Despite my negative grumblings so far, there are some things to love about this game. The voice acting and the character development are amazingly well done. There wasn’t a single character that failed to intrigue me; they all have their own unique personalities and motivations. There’s also a certain moral ambiguity to them that I find refreshing. For this the voice actors must be highly praised. This can be applied to the sound design across the board, from the satisfying crack of the pistols and rifles to the electrical crunch of the Induction Lance and even to the ambience of Steampunk London.
As touched upon before, the graphics on show are absolutely incredible. Seriously, just look at them. I’ve never seen such well-rendered moustaches in a game. At times The Order almost manages to convince you that you’re watching a film (and with half the game being comprised of cutscenes, in a way I was). At many points I was left in awe at the visuals, especially when I thought back to the humble beginnings of my gaming past on the Sega Genesis. In just over 25 years graphics have improved almost inconceivably, and The Order shows just how far we’ve come in a relatively short period of time. The developer’s attention to detail really brings their Steampunk creation to life: you can practically smell the sharp stench of thermite and the reek of the alleyways. For all that The Order lacks in fun gameplay, you can’t fault the production values.
I have to confess that I found myself in love with the setting a little bit. We don’t often see the Victorian era depicted in games, and certainly not in so much detail. In fact, Ready At Dawn’s setting is actually my favorite part of the whole thing. Admittedly, I find anything involving Steampunk incredibly interesting. Almost-believable technology alongside an amazing Victorian style is just too cool when done well – and The Order does steampunk very well. From the crisp black uniforms of the knights; the advanced, yet still grounded in history, technology; the industrial foggy climate of London – as a setting, The Order is great. However, I was just left disappointed in the end, as I was so convinced that a game in this setting would have to be magnificent (so convinced I pre-ordered it, which I almost never do), yet I was left wanting.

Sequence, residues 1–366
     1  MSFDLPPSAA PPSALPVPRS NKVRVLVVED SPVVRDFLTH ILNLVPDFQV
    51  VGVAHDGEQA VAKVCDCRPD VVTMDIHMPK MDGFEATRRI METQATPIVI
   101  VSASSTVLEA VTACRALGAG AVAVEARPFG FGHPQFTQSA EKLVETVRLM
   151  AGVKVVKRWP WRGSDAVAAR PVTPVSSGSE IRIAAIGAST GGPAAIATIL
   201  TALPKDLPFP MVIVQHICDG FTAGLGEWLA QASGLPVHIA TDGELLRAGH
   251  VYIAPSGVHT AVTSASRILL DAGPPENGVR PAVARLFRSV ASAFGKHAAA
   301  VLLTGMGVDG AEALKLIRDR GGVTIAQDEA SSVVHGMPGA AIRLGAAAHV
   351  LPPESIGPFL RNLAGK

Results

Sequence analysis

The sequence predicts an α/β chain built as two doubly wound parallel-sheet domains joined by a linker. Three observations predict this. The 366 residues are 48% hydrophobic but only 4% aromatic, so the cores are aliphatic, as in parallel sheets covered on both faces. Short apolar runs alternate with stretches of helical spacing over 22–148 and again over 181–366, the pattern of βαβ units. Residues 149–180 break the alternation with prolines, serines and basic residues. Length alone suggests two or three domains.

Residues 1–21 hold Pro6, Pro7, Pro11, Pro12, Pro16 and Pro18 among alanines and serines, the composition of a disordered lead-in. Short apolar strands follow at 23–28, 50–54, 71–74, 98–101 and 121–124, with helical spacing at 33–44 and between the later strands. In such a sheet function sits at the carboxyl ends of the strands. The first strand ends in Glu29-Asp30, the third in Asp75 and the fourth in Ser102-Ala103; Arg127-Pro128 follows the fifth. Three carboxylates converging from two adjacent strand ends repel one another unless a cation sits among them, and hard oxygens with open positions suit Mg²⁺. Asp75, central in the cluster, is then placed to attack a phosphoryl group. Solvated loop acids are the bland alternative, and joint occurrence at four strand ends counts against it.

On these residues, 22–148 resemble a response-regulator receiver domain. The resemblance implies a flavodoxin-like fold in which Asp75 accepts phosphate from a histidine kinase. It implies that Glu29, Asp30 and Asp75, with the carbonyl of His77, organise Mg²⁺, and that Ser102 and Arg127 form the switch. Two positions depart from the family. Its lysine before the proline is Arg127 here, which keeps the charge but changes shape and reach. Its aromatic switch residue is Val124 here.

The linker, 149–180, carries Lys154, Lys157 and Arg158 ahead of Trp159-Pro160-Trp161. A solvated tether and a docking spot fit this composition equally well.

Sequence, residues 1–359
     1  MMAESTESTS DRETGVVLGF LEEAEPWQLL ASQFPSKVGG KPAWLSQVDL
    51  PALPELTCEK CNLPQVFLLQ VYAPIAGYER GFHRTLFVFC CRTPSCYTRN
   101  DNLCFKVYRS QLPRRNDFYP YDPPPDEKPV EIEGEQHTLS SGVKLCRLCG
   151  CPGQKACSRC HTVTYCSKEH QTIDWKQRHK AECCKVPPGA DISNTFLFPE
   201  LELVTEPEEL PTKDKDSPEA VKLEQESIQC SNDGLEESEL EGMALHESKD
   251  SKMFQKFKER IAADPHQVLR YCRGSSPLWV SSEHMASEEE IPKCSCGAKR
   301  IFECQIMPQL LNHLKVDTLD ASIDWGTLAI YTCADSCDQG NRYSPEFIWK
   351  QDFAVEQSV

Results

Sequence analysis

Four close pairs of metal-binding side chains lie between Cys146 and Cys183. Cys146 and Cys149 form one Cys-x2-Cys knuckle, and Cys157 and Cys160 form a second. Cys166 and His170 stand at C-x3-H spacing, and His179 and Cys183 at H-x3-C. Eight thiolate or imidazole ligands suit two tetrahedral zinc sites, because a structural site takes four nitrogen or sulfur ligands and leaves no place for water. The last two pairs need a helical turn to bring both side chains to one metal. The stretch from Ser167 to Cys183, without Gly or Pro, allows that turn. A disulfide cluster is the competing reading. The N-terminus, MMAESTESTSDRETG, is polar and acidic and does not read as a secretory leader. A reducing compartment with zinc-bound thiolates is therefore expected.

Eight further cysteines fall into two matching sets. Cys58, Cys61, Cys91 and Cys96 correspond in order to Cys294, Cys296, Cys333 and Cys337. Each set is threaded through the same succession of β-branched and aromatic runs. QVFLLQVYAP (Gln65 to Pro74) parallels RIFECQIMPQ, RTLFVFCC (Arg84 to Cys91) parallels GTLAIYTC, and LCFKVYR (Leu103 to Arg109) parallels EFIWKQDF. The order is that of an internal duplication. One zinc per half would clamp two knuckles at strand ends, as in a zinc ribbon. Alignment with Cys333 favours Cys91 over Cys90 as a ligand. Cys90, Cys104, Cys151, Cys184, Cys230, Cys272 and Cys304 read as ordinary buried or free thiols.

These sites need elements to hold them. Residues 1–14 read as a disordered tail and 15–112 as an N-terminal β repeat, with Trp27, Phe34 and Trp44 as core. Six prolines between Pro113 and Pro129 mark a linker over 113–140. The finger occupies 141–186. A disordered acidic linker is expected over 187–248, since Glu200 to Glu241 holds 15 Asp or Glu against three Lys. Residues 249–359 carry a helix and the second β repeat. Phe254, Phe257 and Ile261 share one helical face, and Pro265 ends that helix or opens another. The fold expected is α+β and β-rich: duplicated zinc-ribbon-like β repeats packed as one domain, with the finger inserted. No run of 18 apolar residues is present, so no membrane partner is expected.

I want to like The Order, I really do, but I just can’t. As I was playing through it I kept trying to force myself to love it as I’d been excited for so long. In the end it’s a mediocre game wrapped up in beautiful aesthetics.
Sadly, unless you’re a fanatical Steampunk/moustache fan (like me) then The Order is difficult to recommend. The presentation is lovely, but it’s wrapped up in dull gameplay, and the story feels more like an extended introduction for a sequel rather than being complete in itself. Any enjoyment I did get came from the amazing setting, the better-than-real-life graphics and some incredibly good voice acting/sound design. And with it being so short, and with no reason to return for a second playthrough, despite the spectacle on offer it doesn’t manage to justify the pricetag.
Ready At Dawn clearly put a lot of effort into their debut title: as a technical showcase it’s highly impressive, and it’s obvious that a lot of time was spent on developing the lore. But the overall feeling you’re left with after finishing The Order: 1886 is one of unfulfilled potential.